Deep-Fried Deviled Eggs, Nevada
Sopaipillas, New Mexico
Fried dough takes many regional forms across the U.S., including New Orleans’ beignets Hawaiian takes on Portuguese malasadas. In Michigan, Polish-style paczki — pronounced "punch-key" — reign supreme. Resembling jelly doughnuts, but with richer dough, these rounds are stuffed with custard or jams in classic flavors , along with more-interesting fillings like rose hip or stewed plum. Try them in well-known paczki bakeries like New Palace Bakery in Hamtramck, the heavily Polish town outside Detroit.
Funnel Cake Chocolate Balls, Arkansas
Fried Oreos, fried funnel cake balls, fried lemon balls, fried Snickers, fried Twinkies: Mom’s Kozy Kitchen, a Hot Springs food truck, conjures a fairground’s fried smorgasbord of desserts without the fleeting timeline of a State Fair. The funnel cake chocolate balls are the blue ribbon winner. Funnel cake batter studded with a chocolate kiss in the center, each ball is tossed into a 350-degree fryer, then dipped in powdered sugar. Served warm, the ball releases a pool of melted chocolate that infuses the sweet and fluffy cake.
Hot Chicken, Tennessee
What supposedly began as the fiery revenge of a lover scorned has morphed into Nashville’s most-famous dish. Legend has it that Thornton Prince’s girlfriend concocted this blazingly hot, insanely peppery dish as retribution for a particularly late night out on the town. He loved it enough to ask for seconds, and eventually opened Prince’s Hot Chicken to bring the aggressively spiced birds to the general public. The dish now appears across the United States, but Prince’s original is still considered the standard bearer.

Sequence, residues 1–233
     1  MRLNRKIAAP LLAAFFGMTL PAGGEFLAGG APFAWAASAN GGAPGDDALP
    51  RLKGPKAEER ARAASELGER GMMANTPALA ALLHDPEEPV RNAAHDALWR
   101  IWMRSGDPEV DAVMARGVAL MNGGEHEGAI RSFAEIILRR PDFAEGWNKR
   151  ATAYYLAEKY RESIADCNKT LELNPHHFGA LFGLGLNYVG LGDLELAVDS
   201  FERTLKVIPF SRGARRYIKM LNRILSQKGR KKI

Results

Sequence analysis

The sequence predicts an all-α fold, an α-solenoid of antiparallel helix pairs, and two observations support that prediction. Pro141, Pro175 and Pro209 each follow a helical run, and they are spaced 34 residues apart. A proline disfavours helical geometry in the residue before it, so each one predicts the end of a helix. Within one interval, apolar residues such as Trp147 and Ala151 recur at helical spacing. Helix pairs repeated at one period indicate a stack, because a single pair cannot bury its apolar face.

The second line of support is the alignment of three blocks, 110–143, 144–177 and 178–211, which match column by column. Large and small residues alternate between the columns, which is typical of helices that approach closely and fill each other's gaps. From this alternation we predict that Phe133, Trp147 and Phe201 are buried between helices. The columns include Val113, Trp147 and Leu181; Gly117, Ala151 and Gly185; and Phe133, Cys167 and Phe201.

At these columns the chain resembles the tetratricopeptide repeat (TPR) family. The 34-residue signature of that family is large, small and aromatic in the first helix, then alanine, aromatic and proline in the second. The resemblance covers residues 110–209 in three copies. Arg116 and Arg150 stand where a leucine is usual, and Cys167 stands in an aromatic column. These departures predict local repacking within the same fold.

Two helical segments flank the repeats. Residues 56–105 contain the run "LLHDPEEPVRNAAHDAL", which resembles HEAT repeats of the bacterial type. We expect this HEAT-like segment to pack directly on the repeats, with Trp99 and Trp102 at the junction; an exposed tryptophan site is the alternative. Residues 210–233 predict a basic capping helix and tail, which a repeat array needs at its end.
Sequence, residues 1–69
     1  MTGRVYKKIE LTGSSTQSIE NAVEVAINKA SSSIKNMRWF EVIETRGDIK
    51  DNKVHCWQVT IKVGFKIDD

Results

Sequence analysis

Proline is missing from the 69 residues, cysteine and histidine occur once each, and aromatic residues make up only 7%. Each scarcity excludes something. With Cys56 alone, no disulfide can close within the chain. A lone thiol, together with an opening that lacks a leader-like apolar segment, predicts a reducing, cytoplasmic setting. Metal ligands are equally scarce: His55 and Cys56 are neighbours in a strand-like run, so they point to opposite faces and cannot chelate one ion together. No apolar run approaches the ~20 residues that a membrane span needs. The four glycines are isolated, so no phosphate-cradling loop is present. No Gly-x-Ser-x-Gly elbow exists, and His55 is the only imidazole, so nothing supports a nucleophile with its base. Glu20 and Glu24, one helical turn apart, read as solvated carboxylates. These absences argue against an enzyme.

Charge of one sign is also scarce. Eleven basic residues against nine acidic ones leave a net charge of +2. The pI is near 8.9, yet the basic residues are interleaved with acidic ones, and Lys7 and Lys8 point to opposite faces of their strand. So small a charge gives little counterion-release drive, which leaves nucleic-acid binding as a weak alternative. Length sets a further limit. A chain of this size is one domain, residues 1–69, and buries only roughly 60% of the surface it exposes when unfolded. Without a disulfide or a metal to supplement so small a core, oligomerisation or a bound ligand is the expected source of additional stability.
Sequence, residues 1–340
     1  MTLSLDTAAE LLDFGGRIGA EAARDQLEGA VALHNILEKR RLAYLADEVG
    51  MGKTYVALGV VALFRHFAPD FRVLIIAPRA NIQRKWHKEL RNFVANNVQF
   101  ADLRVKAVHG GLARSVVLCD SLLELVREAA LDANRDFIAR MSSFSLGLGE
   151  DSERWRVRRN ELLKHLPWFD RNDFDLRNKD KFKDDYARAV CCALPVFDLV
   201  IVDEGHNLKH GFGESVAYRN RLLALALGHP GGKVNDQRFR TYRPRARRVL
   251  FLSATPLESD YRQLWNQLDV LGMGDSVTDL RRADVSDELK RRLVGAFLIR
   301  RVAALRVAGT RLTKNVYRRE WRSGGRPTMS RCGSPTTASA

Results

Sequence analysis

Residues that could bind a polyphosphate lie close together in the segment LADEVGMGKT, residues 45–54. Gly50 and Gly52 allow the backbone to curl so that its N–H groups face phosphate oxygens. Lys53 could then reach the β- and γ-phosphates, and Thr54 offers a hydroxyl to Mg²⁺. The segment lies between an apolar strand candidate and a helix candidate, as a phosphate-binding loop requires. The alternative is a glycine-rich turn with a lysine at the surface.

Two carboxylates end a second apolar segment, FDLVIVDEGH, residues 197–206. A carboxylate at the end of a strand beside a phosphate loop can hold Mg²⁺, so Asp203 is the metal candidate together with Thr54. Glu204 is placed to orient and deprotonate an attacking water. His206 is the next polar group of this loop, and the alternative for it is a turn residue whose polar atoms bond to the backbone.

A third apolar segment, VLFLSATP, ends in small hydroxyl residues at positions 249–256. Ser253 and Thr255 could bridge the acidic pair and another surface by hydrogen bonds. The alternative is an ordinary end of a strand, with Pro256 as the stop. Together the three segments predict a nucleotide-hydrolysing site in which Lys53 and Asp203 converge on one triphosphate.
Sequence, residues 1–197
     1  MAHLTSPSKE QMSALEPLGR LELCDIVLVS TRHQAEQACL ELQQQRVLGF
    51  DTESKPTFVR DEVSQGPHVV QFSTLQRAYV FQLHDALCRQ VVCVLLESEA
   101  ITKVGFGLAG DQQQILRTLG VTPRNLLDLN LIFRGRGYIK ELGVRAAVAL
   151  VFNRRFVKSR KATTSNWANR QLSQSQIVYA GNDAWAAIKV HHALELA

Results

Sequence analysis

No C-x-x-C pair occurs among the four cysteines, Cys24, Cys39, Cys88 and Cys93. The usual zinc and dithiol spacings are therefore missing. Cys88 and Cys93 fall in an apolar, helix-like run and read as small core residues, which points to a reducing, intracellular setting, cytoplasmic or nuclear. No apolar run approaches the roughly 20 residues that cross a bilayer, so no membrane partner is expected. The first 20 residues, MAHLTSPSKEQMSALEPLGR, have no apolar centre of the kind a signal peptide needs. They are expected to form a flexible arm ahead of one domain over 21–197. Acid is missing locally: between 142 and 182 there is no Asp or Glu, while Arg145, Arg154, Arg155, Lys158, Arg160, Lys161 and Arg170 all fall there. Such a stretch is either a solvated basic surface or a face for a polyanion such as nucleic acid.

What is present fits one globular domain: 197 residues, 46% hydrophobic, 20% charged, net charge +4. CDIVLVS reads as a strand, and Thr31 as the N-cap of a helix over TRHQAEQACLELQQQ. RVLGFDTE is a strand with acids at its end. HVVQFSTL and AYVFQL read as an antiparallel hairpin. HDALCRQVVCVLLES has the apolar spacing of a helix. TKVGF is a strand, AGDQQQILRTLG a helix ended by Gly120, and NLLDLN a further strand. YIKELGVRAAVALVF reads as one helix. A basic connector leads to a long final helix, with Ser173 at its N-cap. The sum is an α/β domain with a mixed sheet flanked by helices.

Deep-Fried Pickle, Mississippi
Deep-fried pickles may have become a popular snack food from coast to coast, but this Mississippi cafe claims to be "home of the fried dill pickle," attracting crowds for it's fried pickle chips since 1970. Named for its original location in Hollywood, Mississippi, this sweet diner fries rounds of dill pickles in beer batter with a touch of cayenne pepper and chile powder. Though only 2,000 people live in Robinsonville, the café serves nearly 100,000 pickles annually.
Huckleberry French Toast, Montana
Set under the dramatic mountain peaks of Glacier National Park, this seasonal, family-owned cafe is a top destination for tourists and locals through the summer months. The views are stunning, the staff is friendly and the food has received national praise. The stuffed French toast is a top pick, filled with combinations like hazelnut-vanilla and caramel-apple. The most-beloved rendition, that’s most-emblematic of Montana and certainly most-famous, is the huckleberry. French toast is stuffed with local huckleberries and cream cheese, dipped in batter and deep fried until crisp on the outside, gooey within. The whole thing is dusted with powdered sugar and crowned with more huckleberries and a dollop of whipped cream.
Deep Fried Pizza Slice, New York